Anole Voodoo and Zombies

Wade Davis, explorer extraordinaire, made his name as a graduate student at Harvard by proposing not only that Haitian zombies were real, but that they were created by ingesting concoctions that include tetrodotoxin, the toxin in pufferfish and the infamous Japanese delicacy, fugu. When the victim recovers (if he does), he believes he has become a zombie, and this belief is then taken advantage of by the voodoo priest.

Davis first reported his hypothesis, controversial to this day, in a 1983 paper. In that paper, he reports the results of three expeditions to Haiti, in which he documented the preparation of five separate zombie potions in four different villages. The process by which the potion is created is an elaborate and intricate ceremony, which the gentle reader may learn about by reading the aforementioned paper. For our purposes here, the interesting issue is the ingredients that go into the potion.

As mentioned above, Davis’s hypothesis is that tetrodotoxin is the key pharmacological component that causes a near death (or sometimes, too near) experience, but there are many other ingredients, and the recipe varies from one village to the next. One village, for example, included ground human bones and shavings from a dog skull and a mule tibia. More importantly, at least for our purposes, is how the potion is prepared. At least in one village, it starts by placing a toad and a polychaete worm in a container for a while; apparently the worm agitates the toad, getting it to secrete toxins from its parotid glands. The toad and worm are then killed and dried in the sun, alongside some pufferfish, the presumed source of the tetrotodoxin. The parched specimens are then placed on hot coals alongside freshly killed Ameiva and Leiocephalus lizards. These are then roasted and combined with ground human bones, and then a variety of other ingredients are added, including centipedes and tarantulas. I won’t go on, but there are many additional steps—read up!

At another site, the ingredients were much simpler—all animals. They included fish, tarantulas, frogs, a boa (Epicrates striatus), ground human bones and dried human flesh and—wait for it!—Anolis coelestinus and A. cybotes!!!

No doubt, one question is in your mind: how did Davis, then a graduate student in ethnotany, identify his ingredients? The answer, of course, is that he collected specimens and brought them back to the Museum of Comparative Zoology. The anoles, and other herps, were identified by the venerable team of Ernest Williams, Greg Mayer, Jose Rosado, Jim Knight and Franklin Ross. The photo above is the entry in the notes column of the MCZ Herpetology Department register for the anole specimens Davis entered into the collection.

About Jonathan Losos

Author and Professor at Harvard University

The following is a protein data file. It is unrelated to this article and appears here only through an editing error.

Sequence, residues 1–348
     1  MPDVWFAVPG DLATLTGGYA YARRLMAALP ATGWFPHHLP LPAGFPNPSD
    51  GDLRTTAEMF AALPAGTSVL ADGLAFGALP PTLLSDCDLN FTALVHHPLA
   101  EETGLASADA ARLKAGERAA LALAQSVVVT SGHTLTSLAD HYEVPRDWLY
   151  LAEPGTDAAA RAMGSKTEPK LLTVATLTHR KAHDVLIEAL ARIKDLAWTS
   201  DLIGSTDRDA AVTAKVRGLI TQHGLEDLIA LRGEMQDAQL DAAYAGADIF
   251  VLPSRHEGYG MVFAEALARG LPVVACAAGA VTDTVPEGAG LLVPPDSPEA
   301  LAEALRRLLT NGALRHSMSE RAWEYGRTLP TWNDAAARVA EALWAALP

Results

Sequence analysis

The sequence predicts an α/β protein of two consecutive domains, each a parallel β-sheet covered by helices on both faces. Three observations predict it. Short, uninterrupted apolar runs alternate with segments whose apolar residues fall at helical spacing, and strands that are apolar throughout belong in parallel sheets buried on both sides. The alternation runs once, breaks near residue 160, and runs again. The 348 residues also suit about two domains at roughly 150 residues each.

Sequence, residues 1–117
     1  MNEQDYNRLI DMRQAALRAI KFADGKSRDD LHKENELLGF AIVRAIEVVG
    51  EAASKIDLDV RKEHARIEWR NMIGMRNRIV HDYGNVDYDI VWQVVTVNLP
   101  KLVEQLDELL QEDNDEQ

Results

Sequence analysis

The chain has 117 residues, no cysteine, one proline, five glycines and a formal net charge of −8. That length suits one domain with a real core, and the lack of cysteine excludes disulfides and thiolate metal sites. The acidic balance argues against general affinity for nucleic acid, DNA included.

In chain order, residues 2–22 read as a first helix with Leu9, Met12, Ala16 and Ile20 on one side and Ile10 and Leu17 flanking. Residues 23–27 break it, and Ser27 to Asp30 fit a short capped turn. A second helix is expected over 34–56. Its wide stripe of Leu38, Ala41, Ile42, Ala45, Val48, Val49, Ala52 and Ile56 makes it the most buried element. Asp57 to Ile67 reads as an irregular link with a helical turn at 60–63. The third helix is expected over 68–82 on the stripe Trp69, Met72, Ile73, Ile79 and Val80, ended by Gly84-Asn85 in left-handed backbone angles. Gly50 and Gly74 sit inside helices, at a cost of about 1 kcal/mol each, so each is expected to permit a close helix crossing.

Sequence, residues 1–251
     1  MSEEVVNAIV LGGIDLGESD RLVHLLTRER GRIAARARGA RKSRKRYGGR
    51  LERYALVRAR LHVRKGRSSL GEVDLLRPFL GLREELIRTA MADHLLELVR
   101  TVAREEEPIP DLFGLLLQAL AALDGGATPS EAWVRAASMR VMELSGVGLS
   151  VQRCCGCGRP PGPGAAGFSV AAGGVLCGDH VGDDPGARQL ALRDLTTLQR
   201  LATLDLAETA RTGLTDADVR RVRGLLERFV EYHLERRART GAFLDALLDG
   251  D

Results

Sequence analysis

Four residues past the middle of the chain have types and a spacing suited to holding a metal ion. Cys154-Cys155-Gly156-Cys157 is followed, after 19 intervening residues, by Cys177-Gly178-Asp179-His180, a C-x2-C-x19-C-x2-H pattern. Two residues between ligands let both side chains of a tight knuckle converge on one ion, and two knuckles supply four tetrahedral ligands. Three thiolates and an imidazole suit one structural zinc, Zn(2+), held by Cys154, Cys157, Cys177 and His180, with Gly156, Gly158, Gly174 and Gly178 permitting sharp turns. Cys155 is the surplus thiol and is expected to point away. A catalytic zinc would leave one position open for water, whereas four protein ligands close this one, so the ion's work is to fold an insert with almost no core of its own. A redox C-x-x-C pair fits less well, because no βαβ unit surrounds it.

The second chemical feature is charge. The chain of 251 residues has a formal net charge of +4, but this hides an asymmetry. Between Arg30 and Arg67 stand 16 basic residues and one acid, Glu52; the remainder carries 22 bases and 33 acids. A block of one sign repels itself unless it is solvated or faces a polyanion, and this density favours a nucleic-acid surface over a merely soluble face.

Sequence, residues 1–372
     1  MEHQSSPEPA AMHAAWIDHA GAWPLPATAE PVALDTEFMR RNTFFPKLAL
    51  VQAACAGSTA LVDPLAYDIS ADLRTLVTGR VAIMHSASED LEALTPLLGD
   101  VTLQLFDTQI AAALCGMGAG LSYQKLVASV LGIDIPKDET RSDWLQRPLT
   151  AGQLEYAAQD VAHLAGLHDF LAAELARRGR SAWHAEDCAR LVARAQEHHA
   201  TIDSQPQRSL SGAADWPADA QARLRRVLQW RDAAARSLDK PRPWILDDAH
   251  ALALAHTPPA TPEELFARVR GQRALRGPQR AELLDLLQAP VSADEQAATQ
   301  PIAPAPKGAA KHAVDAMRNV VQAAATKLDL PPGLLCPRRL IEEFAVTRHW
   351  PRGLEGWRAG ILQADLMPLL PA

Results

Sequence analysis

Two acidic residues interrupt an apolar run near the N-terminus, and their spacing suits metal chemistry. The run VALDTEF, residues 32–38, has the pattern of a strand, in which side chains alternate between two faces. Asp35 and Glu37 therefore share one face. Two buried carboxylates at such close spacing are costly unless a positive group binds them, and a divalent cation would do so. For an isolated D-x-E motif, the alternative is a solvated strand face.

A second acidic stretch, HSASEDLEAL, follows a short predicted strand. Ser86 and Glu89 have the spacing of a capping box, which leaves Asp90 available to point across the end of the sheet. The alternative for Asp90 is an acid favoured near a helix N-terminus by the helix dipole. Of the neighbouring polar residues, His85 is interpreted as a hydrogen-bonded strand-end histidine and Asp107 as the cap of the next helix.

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5 Responses to Anole Voodoo and Zombies

  1. Back in my Richard Schultes-obsessed days, I read Wade Davis’ Serpent in the Rainbow (his popular book about Haitian zombies). I don’t remember any mention of Leiocephalus or Anolis, but I’ll go back and check as soon as I can. If he left them out of the book, I wonder why? Will update as soon as I can …
    In any case, this blog-post makes it easier for me to understand why Manuel is always forcing me to eat curlies in Abaco.

  2. In The Serpent and the Rainbow, Davis mentions “two freshly killed lizards, iridescent and blue,” while describing the preparation of the zombi potion. Later, he gives an update (which is a bit confusing with his reference to Dominica):

    The herpetologists up at the museum knew the lizards right away. Neither is known to be poisonous. In Dominica, they say one of them can make the hair fall out and turn your skin green. But the people eat it anyway. Another species in a related genus plays havoc with housecats in Florida, but it doesn’t kill them. But it wasn’t a lizard that took down Narcisse, that’s for sure.

  3. Jonathan Losos says:

    I’ve never heard of people eating anoles, even in Haiti (of course, I’ve never heard of them eating other small lizards, either). I have had people tell me that cats routinely barf after eating anoles.

  4. Lisa McCune says:

    In Florida, it’s juvenile skinks (with iridescent blue tails) that are said to be toxic to cats….. I’ve never heard of convincing proof of this, however……

  5. I note that the catalog entry is in the inimitable handwriting of Frank Ross. Cataloging is now done electronically, which actually removes a source of data and quality control: knowing who wrote an entry allows researchers to check ambiguous or apparently erroneous data against the original entry, which often leads to ambiguities resolved and errors detected. An electronic entry can’t be interrogated in this way– it simply is what it is. A gecko of interest to me at the MCZ was cataloged as coming from “Virgins Island” (an unlikely but, if true, deeply interesting record), but that it was in the handwriting of Alfred Loveridge, who often mistranscribed data from Chapman Grant, led me to confirm the gecko had come from “Vieques Island” (an expected record). Of course, handwritten cataloging had to be done very carefully; for Frank, writing in the catalog was a sacred task, for which he prepared himself and the data very carefully.

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